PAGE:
What are the implications? “I don’t believe that restricting contributions is a good idea,” says Josephson. “What the law essentially does is carve up the population into groups and identifies some of them as ‘good groups’ who are allowed to participate in the political process, and others that are ‘bad groups’ who are not.” The reality is that the people and organizations “most knowledgeable and most interested in good government are now restricted from becoming involved,” he says.

State laws restrict contributions to gubernatorial campaigns and to political parties, but not to candidates for the state legislature. “The reasoning was that, in theory, a governor can influence the awarding of a contract, but a legislator cannot,” explains Josephson.

What are the results? By restricting some of the groups who can contribute to a campaign, but not others, as well as only some government officials, pay-to-play has not made government more honest, it has instead, just changed which groups have the most influence. “The legislators now take the place of the state parties as the place where the money flows to,” he says.

In addition, because unions are allowed to make contributions, they now wield a much greater influence than in years past. “What has happened since pay-to-play is that the public employees’ unions now are much more powerful in Trenton. Businesses can’t contribute, developers won’t be able to contribute, some individuals can’t contribute. The unions are now the only large source of contributions,” he says.

Another result of the pay-to-play laws is that it is now more difficult for candidates at every level of government to raise the necessary money to run a campaign. The laws are so complicated that many people and businesses who used to give money regularly to political parties and campaigns no longer contribute at all. “The laws are too complicated, and people feel it is too easy to accidentally screw up so they just shut down and don’t contribute at all,” says Josephson.

But the reality is, he adds, that “unless you are running for office in a very tiny municipality it takes a lot of money to run even a local campaign. You can’t run for office in New Brunswick or Camden or Newark with just a few thousand dollars.” Campaign contributions are necessary.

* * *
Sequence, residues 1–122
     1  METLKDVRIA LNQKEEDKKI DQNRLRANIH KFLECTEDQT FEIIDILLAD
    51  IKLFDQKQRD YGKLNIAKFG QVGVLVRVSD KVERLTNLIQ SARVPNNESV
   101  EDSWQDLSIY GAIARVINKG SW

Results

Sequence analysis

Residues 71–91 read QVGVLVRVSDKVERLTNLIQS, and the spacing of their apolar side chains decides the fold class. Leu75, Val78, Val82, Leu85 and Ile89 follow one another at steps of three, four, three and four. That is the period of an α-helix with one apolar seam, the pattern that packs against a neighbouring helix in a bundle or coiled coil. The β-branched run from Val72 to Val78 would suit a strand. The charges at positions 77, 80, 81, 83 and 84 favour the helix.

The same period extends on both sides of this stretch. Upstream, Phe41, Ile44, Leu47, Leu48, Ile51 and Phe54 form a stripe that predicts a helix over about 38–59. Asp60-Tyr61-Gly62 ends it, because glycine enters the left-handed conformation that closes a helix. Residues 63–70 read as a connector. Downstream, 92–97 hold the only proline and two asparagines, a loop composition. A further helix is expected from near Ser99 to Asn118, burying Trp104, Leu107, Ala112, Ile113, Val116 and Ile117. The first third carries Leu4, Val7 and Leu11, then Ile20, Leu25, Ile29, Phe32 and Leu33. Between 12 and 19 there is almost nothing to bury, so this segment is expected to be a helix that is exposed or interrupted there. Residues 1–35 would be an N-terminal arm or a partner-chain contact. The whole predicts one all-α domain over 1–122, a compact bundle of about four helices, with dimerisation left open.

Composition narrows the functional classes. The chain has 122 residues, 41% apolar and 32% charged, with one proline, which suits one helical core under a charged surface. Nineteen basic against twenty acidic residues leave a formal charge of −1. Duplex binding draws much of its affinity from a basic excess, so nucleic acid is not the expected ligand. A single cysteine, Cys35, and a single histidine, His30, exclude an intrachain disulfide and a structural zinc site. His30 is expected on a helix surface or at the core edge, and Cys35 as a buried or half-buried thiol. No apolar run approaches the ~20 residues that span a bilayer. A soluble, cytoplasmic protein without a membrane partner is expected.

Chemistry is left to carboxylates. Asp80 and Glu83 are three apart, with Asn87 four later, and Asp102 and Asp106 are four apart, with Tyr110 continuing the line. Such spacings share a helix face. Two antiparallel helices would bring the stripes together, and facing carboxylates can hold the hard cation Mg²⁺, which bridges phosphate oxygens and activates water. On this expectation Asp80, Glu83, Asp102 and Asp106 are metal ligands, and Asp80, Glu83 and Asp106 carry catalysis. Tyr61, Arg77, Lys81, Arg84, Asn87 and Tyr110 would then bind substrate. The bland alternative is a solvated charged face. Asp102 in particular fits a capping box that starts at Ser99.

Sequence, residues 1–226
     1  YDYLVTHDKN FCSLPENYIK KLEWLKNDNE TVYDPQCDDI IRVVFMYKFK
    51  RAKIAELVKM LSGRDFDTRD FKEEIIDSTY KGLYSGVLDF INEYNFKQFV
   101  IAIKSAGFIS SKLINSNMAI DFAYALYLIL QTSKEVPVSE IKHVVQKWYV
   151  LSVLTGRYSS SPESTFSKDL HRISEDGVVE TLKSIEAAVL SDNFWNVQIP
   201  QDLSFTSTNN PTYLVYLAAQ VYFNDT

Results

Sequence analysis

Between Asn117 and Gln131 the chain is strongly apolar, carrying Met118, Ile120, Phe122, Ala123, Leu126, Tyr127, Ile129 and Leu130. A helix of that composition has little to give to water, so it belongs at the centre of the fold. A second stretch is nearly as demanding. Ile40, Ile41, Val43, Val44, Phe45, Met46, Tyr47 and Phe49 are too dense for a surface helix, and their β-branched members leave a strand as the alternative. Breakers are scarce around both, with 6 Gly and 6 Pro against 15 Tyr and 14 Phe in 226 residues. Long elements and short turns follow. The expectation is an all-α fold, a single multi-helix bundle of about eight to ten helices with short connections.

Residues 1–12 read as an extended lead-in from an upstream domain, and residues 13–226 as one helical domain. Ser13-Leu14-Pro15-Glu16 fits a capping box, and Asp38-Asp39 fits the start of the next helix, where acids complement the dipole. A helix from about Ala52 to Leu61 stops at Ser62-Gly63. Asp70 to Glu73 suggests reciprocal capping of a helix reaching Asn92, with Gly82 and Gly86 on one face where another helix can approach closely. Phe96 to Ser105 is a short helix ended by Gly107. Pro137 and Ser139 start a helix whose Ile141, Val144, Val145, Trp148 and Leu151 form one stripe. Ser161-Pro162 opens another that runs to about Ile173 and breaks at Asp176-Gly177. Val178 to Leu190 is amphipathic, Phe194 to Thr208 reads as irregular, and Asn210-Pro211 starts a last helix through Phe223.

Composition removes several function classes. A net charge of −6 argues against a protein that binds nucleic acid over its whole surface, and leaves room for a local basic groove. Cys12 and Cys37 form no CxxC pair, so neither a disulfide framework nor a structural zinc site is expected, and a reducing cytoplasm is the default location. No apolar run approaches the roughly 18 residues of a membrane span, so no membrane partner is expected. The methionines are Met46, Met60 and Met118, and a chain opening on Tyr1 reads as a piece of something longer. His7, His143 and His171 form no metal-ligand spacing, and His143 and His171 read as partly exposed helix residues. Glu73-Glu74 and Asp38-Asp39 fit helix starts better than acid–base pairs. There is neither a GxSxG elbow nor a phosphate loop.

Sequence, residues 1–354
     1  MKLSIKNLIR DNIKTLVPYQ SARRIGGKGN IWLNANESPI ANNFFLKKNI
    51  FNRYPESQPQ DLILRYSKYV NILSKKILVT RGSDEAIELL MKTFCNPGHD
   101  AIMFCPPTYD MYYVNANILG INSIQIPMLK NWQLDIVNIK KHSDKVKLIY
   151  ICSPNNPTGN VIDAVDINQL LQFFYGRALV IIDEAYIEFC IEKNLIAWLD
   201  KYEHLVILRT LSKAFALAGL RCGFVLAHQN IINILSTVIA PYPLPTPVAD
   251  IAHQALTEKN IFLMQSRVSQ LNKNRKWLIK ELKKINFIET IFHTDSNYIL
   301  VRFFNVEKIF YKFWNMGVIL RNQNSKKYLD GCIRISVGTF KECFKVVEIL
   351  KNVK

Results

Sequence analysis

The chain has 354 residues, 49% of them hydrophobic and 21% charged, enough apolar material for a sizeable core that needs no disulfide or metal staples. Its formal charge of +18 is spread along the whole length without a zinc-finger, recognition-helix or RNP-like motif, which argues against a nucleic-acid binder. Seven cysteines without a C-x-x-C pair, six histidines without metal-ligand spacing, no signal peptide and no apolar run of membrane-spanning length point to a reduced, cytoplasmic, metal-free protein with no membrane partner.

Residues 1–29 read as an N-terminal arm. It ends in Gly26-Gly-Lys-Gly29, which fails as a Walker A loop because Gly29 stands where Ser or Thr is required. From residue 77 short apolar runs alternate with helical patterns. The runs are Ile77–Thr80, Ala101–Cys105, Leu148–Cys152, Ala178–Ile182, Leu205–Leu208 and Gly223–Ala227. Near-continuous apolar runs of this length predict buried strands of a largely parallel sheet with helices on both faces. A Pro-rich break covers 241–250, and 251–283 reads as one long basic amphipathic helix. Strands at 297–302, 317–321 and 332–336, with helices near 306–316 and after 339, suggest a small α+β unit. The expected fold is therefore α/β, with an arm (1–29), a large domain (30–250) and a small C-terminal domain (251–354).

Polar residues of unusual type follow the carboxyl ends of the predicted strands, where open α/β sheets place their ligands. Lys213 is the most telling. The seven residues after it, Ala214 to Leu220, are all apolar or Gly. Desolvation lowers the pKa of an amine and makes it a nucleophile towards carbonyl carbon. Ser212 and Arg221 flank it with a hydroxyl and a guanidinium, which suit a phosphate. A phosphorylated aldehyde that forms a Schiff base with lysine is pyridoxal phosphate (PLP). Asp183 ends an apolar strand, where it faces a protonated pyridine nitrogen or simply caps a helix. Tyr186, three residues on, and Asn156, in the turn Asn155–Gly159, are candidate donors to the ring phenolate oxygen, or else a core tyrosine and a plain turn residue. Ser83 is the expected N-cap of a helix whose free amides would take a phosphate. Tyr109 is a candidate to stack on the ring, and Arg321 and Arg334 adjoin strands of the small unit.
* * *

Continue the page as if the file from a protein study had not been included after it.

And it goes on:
Is there a better solution? Josephson is not against campaign finance reform, he just isn’t sure that the current pay-to-play laws are the best solution. “Carving up the groups who can and cannot contribute to a campaign is not the way to go,” he says, because there are two sides to every story.

For instance, many people see a redeveloper who wants to bring a shopping mall into a downtown area as a large and disinterested corporation out to close down the mom and pop businesses. Josephson looks at the other side. They are not allowed to contribute to political campaigns.

“The redeveloper can’t contribute to a political party or a campaign. But what about the owner of the cruddy grocery store in a downtown neighborhood who doesn’t want to improve his property or lower his prices and doesn’t want competition to come in? He is allowed to contribute. It’s a slippery slope when you start saying who can and can’t contribute to the political process.”

Josephson suggests that instead of restricting some groups from contributing at all to campaigns, a better solution is to allow everyone to contribute, but limit the dollar amount. “Restrict everyone to $500. That way the mayors and councilmen and the governor will have to go out and talk to a lot more people to finance their campaigns,” he says. “Now, that would be a good thing.”